Never assume.

Some readers might feel that employing the superpower of intuition and reading people is a license to jump to conclusions about situations, but the opposite is true. What reading people allows you to do is gather more information. Information that is not commonly perceived. Therefore giving you the ability to investigate further. Notice that all of the examples earlier in this article involved an investigation or clarification step.

For example, if there’s a commotion at the back of the room during a big event, it could turn out that there’s an emergency instead of a juicy new story.

The AC might not be the only reason people don’t sit in that particular open space seat. Maybe the pizza shop next door plays loud music which can be heard through the wall in that specific spot.

What about that guy that nobody has seemed comfortable with over the last few days? He might not be harassing people. He might just need a breath mint.

By harnessing and putting this superpower to work you’ll not only prevent problems, but you'll also massively improve your members’ experience in the workspace. The added benefit when reading people is you notice more of what members like, not only the things they don’t like. You’ll notice which food gets eaten at events and therefore stock up on more of it for next time. You’ll see how members like the furniture to be arranged and whether they like the lights on during the day or to rely on the natural light pouring in through the windows.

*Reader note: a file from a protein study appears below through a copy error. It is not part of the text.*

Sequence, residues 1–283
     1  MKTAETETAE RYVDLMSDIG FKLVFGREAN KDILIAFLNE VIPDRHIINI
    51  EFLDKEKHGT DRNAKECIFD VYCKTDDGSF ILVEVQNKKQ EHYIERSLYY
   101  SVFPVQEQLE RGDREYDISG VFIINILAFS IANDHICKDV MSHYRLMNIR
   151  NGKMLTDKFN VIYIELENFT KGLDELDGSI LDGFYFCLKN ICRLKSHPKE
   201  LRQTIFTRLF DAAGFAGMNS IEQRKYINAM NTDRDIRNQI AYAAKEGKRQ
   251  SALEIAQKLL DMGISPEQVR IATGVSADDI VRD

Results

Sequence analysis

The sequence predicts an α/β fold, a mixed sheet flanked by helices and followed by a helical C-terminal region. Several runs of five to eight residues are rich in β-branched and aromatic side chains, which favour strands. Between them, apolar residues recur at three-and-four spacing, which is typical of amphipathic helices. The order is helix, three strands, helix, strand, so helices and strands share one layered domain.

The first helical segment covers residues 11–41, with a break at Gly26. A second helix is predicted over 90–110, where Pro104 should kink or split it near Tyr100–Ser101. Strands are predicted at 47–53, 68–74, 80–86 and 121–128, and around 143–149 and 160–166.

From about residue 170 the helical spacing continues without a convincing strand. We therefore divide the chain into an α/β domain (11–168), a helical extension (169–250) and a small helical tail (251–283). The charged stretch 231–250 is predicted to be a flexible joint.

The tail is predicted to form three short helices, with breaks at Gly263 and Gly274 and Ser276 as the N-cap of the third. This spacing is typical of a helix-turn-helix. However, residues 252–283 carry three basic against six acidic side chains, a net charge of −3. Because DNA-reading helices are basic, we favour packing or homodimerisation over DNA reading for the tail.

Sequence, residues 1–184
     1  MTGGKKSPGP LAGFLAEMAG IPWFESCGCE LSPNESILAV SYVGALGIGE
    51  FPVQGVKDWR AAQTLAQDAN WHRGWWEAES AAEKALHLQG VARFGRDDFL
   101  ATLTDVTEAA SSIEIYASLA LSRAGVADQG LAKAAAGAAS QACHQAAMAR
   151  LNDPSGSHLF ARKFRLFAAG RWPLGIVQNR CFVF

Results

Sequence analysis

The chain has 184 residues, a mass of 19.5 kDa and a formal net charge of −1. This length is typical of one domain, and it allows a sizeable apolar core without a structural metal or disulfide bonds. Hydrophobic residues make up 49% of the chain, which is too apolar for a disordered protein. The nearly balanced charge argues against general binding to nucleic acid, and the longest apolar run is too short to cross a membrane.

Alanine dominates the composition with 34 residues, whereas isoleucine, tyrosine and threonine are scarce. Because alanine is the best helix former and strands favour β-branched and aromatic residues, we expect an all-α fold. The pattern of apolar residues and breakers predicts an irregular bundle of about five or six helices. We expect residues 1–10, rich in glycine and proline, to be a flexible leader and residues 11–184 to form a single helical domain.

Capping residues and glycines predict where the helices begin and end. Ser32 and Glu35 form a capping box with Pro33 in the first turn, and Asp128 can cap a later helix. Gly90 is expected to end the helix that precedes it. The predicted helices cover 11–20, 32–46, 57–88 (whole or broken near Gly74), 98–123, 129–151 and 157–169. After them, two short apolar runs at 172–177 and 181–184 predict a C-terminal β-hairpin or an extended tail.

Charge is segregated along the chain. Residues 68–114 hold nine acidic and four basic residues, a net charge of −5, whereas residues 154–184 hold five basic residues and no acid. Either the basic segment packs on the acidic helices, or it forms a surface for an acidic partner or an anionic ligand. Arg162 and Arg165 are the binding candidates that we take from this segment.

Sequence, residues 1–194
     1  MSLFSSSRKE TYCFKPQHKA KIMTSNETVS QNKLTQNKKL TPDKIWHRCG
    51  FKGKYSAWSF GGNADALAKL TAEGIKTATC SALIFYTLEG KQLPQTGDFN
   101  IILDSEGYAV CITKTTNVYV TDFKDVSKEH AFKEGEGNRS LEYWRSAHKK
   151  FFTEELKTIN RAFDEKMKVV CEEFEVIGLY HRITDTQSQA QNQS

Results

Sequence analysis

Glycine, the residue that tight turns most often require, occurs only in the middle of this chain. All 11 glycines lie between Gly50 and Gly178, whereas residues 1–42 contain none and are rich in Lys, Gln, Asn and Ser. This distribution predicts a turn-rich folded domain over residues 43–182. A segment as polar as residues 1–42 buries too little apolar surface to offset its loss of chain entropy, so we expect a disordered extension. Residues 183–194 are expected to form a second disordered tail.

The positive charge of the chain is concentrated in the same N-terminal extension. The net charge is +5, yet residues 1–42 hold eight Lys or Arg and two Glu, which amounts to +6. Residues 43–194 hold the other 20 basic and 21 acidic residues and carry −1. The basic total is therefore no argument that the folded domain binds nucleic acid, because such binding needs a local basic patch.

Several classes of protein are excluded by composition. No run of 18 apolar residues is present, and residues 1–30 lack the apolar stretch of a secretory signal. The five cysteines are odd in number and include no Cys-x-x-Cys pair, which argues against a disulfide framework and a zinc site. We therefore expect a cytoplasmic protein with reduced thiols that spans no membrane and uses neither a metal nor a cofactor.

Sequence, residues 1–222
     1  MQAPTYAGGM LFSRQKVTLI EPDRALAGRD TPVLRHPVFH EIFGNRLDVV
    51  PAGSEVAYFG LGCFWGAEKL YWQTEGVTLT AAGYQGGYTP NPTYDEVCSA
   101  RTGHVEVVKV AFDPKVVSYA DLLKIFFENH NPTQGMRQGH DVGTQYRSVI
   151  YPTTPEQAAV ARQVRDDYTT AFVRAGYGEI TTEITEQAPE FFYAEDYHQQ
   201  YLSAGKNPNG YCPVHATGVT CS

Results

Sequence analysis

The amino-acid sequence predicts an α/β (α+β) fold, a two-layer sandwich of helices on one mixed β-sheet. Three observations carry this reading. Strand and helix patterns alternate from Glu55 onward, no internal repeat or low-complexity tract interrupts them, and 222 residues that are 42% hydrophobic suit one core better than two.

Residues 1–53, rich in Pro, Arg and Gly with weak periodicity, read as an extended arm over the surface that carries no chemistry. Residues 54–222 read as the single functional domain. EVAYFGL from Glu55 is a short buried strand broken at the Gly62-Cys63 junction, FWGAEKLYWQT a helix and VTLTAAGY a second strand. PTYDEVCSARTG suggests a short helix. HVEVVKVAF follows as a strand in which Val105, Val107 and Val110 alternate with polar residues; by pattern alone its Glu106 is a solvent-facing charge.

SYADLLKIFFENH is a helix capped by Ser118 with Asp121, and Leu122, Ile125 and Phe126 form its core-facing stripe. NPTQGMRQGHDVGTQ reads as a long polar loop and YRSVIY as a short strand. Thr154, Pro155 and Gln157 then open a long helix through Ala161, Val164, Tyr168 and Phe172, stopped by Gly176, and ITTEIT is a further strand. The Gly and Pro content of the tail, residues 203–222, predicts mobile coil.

Without a doubt, intuition and reading people are together one of the most useful superpowers a coworking manager can have. If you don’t already have it, I recommend you get practicing as quickly as possible. Your members will love you for it!

Ryan Chatterton

Marketing Director at Habu, founder at Coworking Insights, coworking maven, digital nomad, lover of wine & tacos.

Ryan Chatterton
November 13, 2017
|
5 min read

Marketing Director at Habu, founder at Coworking Insights, coworking maven, digital nomad, lover of wine & tacos.

habu-coworking-software-superpower-reading-people
Image credits:
Makers | Seattle

Coworking Superpower #2

I used to work in the service industry in the US. I waited tables for three years and, briefly, was a cook at a fancy restaurant. You learn many vital skills in the restaurant industry, such as time and expectation management. However, there’s one skill that, when applied to managing a coworking space, is a bona fide superpower. And that is the ability to read people.

At a glance, a waiter’s job is pretty simple. They go to tables, take orders, put the orders in the computer, deliver the food, and charge the guest. Sounds pretty straightforward, but as anybody who’s worked in a high-end restaurant knows, being a waiter is a whole lot more than that. Especially in the US, where waiters work for tips, assessing and reacting to the feelings and moods of guests is fundamental, and it’s a lot more complicated than writing down an order or cleaning tables.

Because the experience of the guest is their primary concern, the waiter must be able to instantly get a read of the room, each table, and each person at each table. They’ll look for subtle cues that denote an action needs to be taken.

A guest looking around the room might be admiring the design of the restaurant, but this behavior could also mean they want to order a martini. A guest with a mostly full plate of food and silverware at rest on the table might be giving their stomach a little break, but they could also be signaling that something is wrong with their meal. An empty glass of water is a clue that either the guest is dehydrated and soaking up water like a sponge or that the table has been neglected for some time. There are dozens of examples like these.